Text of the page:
It's on the list, and I'm sure I'll get to it at some point.  The big reason I'm not rushing to it is that what I think I need right now is a trained physicist to work with.  I've taken the Edinburgh Interpretation so far I think that it's pretty clear there may be something to it, and if there is, it's easy enough to test for.

When that happens, great.  As for now?  I just don't think there's an audience for it, I don't think anyone particularly cares that much.

The Deepak Chopra thing however is a much bigger issue.  I run into it all the time - but not so far from trained physicists.  I've run this piece past a few physicists, including a friend of mine who is doing his PhD in a University here in Edinburgh.  What he said after reading One Song was - literally, these are his words - "This is nothing like Deepak Chopra", and he was very surprised that people would make that connection.  Initially, when I mentioned that people do make that connection, he didn't immediately believe me.

But they do.  They make it all the time.  And this is because what Deepak Chopra has done (and not just him, although he's the one who's made his name with this stuff) is to basically cobble ideas from Quantum Mechanics onto a very conventional Indian Mysticism framework.

I honestly don't know if he realises how damaging this is.  Just the title of a book called "Quantum Healing" is like, to anyone with a genuine respect for and interest in science, a red-hot needle to the eye.

It's strange, because what he's actually talking about are things like unity, peace, and coming together.  But his work is profoundly divisive.  I don't know if he intends it that way, I'd be surprised if he did - but it is as divisive as divisive gets.  Under the guise of bringing together Eastern philosophy and Western science, he has instead massively alienated vast numbers of people.  People who are involved in science, yes - but also the millions of people who respect it, and don't feel it should be used cheaply.

For anyone who respects the science, this is going to really rile them up, and this is why I feel his work is profoundly counterproductive.

All it does is build a siege mentality in the people who respect science to any kind of work that links the insights coming from the Quantum experiments with human life.

And worse still - it makes them feel that anyone who has any respect for Eastern thought is not to be trusted and must be opposed.

Quantum Mechanics, in physics, has quite a strong parallel to evolutionary theory in biology, in this sense.  In both cases, ideological, mystical theories abound, especially on the internet.

With Biology, magical, woolly thinking forms around evolutionary theory, and we call it Creationism.  This creates a kind of siege mentality among many people who do care about evolutionary science, and what science is, and anyone raising new ideas about evolution does often have to deal with huge amounts of flak because of this.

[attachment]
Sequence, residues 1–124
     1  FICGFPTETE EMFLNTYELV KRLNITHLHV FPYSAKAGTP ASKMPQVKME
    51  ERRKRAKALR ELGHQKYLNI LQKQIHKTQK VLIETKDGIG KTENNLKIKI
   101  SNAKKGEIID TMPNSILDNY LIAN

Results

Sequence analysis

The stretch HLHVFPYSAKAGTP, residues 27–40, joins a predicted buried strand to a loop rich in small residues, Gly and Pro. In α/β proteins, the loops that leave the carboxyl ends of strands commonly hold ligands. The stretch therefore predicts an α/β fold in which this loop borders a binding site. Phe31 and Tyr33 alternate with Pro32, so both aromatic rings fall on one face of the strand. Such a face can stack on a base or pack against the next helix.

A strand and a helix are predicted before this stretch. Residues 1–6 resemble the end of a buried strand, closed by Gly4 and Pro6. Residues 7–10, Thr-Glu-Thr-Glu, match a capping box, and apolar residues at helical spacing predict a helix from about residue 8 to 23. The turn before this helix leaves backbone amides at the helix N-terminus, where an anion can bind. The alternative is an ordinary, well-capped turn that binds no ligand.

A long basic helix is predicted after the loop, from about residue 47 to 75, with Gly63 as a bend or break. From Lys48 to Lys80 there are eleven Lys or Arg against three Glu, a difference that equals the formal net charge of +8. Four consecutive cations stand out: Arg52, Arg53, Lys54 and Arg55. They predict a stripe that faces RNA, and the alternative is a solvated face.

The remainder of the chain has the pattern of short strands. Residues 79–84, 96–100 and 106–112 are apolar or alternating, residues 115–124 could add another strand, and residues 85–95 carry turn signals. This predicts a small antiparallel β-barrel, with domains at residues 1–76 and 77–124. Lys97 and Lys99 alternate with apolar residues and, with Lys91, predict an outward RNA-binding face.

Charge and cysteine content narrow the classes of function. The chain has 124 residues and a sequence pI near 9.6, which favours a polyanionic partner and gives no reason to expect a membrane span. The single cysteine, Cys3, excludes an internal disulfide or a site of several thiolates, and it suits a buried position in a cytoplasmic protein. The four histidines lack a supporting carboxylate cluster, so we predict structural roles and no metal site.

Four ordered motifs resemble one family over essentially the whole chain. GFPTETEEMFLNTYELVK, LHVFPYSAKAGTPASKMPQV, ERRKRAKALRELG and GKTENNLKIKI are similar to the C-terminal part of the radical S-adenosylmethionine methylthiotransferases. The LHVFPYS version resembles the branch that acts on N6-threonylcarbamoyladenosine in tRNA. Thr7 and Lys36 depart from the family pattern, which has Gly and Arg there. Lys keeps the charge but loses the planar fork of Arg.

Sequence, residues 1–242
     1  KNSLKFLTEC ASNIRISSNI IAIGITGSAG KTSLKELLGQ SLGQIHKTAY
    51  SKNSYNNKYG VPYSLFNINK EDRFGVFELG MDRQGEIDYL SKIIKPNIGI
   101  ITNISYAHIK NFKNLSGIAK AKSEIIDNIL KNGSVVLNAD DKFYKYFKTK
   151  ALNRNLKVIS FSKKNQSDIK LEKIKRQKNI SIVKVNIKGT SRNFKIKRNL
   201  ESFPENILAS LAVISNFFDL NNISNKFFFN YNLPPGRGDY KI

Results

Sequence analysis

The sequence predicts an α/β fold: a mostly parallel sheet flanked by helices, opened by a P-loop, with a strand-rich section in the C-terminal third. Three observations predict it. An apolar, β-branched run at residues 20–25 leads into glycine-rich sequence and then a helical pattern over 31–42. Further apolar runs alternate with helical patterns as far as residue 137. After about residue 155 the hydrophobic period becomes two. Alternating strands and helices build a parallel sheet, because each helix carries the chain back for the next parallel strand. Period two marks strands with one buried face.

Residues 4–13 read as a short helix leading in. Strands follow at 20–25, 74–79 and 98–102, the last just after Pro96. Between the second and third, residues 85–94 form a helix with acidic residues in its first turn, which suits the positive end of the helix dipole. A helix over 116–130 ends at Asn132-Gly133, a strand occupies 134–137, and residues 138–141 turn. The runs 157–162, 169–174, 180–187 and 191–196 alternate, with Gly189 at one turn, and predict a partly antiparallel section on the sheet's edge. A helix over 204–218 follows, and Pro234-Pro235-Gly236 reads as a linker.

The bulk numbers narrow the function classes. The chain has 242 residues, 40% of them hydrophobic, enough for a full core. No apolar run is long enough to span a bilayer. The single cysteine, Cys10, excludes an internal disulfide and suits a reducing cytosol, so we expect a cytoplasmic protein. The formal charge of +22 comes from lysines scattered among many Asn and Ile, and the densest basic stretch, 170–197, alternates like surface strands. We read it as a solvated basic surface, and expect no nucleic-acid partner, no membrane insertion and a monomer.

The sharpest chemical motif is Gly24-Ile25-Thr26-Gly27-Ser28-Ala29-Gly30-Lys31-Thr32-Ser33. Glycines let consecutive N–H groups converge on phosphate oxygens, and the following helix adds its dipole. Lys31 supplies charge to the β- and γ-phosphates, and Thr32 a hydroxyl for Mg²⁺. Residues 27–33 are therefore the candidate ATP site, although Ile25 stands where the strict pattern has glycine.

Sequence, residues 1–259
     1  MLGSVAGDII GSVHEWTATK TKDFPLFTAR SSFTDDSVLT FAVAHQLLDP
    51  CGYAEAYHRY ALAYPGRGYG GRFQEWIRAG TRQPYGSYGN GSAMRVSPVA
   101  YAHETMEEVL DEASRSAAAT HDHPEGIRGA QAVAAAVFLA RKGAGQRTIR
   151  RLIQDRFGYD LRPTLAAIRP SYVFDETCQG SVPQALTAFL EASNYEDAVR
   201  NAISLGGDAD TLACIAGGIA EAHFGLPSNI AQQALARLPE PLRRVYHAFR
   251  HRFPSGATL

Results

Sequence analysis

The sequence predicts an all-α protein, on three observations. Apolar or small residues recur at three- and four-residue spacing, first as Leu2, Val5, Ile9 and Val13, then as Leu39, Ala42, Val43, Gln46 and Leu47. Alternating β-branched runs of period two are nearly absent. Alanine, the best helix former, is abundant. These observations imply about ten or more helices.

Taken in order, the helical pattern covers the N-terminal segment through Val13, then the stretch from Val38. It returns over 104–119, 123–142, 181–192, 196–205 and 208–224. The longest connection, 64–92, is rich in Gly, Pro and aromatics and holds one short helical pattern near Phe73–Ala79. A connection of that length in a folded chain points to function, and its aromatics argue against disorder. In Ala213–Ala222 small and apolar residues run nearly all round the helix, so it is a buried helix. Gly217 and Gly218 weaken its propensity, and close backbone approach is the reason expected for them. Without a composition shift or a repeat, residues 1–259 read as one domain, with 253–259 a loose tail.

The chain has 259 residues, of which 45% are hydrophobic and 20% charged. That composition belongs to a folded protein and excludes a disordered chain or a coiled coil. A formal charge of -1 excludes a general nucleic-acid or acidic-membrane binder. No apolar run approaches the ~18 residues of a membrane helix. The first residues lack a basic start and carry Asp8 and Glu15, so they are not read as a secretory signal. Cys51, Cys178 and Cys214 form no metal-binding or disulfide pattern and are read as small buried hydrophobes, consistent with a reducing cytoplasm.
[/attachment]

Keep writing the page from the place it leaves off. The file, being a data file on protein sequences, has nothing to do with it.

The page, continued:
I wrote a piece a long time ago about a new process that accounts for non-linear evolutionary change, within what's called a fully microevolutionary framework.  This means that it accounts, fully, for the long-term stability of certain species, and the rapid changes undergone by others.  An organism that remains static for millions of years while it's habitat changes around it is a serious problem for classical evolutionary theory - and one that Creationists have been quick to seize upon.

I've found a potential solution for it - but can't get a biologist to look at the solution, let alone test it, because they seem (honestly, this is what it looks like from outside) so intent on defending evolutionary theory that they flinch at the idea of improving it.

Again, I'm not trying to pick a fight here.  And believe me, I understand - but that is what my experience has been.

And this isn't because they're bad people - but because there is a pervading sense of "reason under siege" - and the killer irony is that in this siege mentality, as in any siege mentality, reason is the first thing out the window.

The evolution piece I did may be wrong - but it is very clear.  It makes clear predictions of the fossil record - basically, if it's true there will be a certain pattern to all evolutionary change that can be statistically mapped.

And it's even better than that - it's not even a case of having to statistically map it (the fossil record's pretty sketchy in places).  To disprove my evolutionary theory (which I have given the catchy title of 'mutative feedback') all you need to do is find a single fossil, anywhere, in all of history, that falls outside that pattern.

That is extremely falsifiable, extremely easy to disprove.

And if it's right - pay attention here - if it's right, and any biologist or paleontologist takes a look and does some research for it, it will make their career, for life.

Honestly.  But again - pay attention - this isn't to say "kneel before Zod, this theory is amazing."

It's to say this if it is right, it is seismic.  And if it's not right, it will be very easy to disprove that.  Very easy. Literally, a trained paleontologist could probably disprove it in a day.